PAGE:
(idea submitted and written by E.)
There comes a time in every Jewish Young Adult’s life in which science ultimately triumphs over religion. Usually this occurs about two years after a JYA makes a commitment to Judaism at a Bar/Bat Mitzvah. Around this time JYAs start to experience the outside world, and spread their wings beyond the coddling of their Jewish Elders. They finally start thinking about what the Torah actually says and implies, only to find that some of the content seems dubious.
JYAs approach this denial in various forms. Some decide they will keep their denial to themselves. Other, bolder JYAs, will openly discuss their feelings of confusion from years of brainwashing. Still others take a more subtle approach. For example, look at the case of JYA “Ari”, from Atlanta. He grew up in an conservadox home, and his way of rebelling against the dark forces of his religious parents was to temporarily declare atheism. Rather than openly tell his parents, he waited for his mother to edit his college essay on Nietzsche, in which he discussed his newfound religious beliefs and his mother discovered an integral part of her son’s angst-ridden college identity.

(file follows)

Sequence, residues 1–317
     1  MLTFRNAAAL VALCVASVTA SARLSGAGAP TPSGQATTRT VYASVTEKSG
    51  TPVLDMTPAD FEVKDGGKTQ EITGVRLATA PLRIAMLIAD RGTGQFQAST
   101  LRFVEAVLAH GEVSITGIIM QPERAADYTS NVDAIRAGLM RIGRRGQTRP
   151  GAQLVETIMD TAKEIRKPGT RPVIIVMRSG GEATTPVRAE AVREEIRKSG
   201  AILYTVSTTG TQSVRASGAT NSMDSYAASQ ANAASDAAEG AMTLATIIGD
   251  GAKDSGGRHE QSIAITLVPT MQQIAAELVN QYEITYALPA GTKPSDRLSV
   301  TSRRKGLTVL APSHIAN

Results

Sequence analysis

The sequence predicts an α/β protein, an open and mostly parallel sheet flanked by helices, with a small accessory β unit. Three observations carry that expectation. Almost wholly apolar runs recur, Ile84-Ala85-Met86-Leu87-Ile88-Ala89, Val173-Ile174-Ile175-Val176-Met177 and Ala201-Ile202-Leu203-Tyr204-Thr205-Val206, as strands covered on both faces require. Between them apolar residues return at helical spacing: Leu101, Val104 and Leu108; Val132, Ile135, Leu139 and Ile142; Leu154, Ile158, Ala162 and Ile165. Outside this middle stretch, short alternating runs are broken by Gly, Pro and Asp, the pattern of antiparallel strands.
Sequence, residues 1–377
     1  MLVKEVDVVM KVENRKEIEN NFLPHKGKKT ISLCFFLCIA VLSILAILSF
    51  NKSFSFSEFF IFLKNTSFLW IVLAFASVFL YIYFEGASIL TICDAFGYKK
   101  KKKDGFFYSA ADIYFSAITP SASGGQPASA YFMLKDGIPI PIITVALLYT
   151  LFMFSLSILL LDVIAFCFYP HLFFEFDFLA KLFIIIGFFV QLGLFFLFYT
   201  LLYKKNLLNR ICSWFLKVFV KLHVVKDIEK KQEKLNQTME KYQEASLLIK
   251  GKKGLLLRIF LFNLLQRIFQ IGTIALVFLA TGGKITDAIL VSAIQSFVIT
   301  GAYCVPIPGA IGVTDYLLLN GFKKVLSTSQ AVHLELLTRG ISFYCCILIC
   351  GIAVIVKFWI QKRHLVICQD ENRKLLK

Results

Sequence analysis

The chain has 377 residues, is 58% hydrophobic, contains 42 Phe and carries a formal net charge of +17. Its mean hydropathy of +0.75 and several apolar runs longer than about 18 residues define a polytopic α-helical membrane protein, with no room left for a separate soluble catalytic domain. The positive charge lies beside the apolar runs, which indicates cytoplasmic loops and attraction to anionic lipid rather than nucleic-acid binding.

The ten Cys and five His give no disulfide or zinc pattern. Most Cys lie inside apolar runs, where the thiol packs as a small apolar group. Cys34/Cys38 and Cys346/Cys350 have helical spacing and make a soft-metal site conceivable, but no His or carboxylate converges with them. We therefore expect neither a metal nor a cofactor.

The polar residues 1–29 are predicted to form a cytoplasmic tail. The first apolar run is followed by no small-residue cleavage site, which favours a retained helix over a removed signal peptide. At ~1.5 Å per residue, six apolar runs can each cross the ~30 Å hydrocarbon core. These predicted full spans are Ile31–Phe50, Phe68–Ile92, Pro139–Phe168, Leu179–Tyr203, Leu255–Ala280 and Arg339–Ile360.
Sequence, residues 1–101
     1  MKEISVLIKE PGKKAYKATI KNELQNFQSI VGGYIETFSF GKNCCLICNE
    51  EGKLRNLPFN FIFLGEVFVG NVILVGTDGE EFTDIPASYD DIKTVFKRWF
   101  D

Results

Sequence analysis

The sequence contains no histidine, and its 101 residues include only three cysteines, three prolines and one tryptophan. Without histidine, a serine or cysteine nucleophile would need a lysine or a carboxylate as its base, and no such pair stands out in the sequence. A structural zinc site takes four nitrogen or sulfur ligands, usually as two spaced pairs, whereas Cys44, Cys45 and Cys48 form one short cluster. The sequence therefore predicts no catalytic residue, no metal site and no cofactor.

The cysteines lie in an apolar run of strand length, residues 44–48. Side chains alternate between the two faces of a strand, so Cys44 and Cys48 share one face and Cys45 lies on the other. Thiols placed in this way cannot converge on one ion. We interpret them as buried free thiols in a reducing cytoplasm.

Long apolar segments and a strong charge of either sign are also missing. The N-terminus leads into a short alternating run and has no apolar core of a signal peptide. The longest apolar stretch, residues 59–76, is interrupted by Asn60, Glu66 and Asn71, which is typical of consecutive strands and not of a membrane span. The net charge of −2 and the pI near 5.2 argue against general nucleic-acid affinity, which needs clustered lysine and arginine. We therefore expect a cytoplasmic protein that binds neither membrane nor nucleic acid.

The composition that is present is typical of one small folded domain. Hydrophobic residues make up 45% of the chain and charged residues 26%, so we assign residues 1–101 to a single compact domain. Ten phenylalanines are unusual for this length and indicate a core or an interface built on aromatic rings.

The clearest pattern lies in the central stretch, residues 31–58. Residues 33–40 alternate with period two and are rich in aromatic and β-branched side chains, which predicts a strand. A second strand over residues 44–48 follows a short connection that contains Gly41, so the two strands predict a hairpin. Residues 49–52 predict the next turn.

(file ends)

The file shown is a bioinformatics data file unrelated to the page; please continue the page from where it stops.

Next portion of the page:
No matter how deep one’s denial goes, most JYAs will ultimately come to the conclusion that although they do not believe in all of the Torah’s stories (because they are scientifically impossible), they still consider themselves a “cultural Jew” because they are characterized by other things aforementioned in this blog. Ultimately, when the JYA reaches adulthood and becomes less rebellious, they will subject their children to the same boring Sunday Schools, Jewish private schools, or youth groups, that they were forced to attend as a child. And thus the circle of rebelling against doctrine will begin again.